On Friday, the U.S. Labor Department said that 222,000 new positions were created in June, beating the economists’ prediction of 179,000 jobs.
This was the second biggest monthly increase of new jobs, behind February.
“The economy has created an average of 194,000 jobs over the past three months. That compares favorably to a monthly average of 166,000 during the first quarter, and a pace of 187,000 for all of last year,” writes The Wall Street Journal.
Health care was the sector with the most job growth, with 37,000 new positions added. Professional and business services jobs were close behind with a 35,000 spike. Wall Street jobs saw a 17,000 increase and the mining industry saw 8,000 new jobs created.
However, the employment rate stayed at a round 4.4.%.
“The higher unemployment rate reflects more Americans entering the labor force in June, but not all of them finding jobs. Federal Reserve officials project the jobless rate will average 4.5% to 4.8% over the long run. The current level of unemployment suggests the economy is at or very near to full employment, or the point at which nearly all job seekers have found work,” writes The Wall Street Journal.
The average hourly earnings increased by 4 cents, which experts say was a result of last year’s soft economic growth.
“Wage inflation was never going to be a 2017 event. You get paid this year based on how your firm did last year and last year was a slow year for GDP and, more importantly, earnings,” said Steven Blitz, chief U.S. economist at TS Lombard to Reuters. “Wages are accelerating in some industries, just not enough industries to push up the averages.”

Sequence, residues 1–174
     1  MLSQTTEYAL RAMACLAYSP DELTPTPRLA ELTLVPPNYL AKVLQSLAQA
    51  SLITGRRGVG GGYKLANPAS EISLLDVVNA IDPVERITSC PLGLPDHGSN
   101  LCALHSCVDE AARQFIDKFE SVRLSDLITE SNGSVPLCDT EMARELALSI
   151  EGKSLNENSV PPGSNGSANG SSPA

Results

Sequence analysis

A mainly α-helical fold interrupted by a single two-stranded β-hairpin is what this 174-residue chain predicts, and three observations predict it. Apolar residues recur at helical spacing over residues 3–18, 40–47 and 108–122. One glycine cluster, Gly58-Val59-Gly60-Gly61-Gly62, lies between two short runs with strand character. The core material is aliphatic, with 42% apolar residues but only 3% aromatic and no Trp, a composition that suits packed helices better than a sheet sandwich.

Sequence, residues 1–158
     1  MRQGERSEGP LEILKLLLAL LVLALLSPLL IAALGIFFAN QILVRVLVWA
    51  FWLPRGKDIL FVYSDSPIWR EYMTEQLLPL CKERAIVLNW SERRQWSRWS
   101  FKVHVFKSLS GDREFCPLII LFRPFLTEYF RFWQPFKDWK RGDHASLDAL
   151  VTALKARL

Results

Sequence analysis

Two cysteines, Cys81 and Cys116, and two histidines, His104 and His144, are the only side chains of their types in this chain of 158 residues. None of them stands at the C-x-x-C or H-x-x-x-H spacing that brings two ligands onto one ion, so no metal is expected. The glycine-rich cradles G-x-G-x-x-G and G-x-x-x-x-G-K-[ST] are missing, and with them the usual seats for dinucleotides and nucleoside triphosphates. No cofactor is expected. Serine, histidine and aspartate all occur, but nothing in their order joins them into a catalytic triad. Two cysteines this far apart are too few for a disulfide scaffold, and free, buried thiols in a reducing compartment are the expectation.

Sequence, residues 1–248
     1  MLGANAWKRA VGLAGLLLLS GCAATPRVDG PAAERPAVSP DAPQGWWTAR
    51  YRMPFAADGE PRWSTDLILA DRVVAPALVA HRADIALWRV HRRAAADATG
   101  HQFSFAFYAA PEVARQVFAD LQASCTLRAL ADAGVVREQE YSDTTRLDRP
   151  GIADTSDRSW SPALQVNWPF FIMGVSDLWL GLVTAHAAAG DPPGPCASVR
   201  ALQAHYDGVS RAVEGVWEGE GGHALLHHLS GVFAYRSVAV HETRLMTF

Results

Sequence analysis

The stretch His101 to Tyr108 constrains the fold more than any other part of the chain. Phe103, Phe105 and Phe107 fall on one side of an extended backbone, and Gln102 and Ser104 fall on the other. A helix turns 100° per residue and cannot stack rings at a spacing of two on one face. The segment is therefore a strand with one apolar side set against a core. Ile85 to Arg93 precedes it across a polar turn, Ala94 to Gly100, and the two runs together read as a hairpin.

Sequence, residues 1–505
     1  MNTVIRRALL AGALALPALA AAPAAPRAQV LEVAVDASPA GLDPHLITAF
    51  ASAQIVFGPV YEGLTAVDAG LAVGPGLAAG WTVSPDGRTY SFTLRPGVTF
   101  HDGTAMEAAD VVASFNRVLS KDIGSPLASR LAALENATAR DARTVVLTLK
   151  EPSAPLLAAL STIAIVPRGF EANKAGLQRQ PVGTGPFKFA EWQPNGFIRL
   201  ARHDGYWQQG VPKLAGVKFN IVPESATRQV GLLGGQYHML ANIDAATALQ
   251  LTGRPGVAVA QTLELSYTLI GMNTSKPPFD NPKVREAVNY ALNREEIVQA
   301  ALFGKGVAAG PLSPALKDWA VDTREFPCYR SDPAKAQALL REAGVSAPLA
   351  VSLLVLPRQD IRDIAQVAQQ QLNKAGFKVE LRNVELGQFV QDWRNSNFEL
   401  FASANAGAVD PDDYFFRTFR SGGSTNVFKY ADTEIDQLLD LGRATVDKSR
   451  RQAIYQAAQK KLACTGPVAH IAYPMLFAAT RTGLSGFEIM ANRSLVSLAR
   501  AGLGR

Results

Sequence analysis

June’s numbers are much more of an improvement from May, where the payrolls saw a small increase of 152,000.
“The strong job growth in June and the upward revisions for May and April suggest that the concerns about a major slowdown in job growth were premature,” said Gad Levanon, chief economist, North America at The Conference Board to CNBC.
Most experts see the June economy findings as a good sign of what is to come.
The Labor Department report “is another illustration that the real economy is in good health,” said Paul Ashworth, chief U.S. economist at Capital Economics to CNBC. “The only disappointment is that wage growth still shows few signs of accelerating.”
Author’s note: More jobs were created than expected last month, which means that people who had dropped from the workforce during the Obama administration are now looking for jobs. Not to mention, wages are going up. It’s slow and steady, but it’s an increase. With Trump, who is a businessmen first and foremost, this is what we were hoping to see. We needed someone in office to rejuvenate the economy and this looks like just the beginning.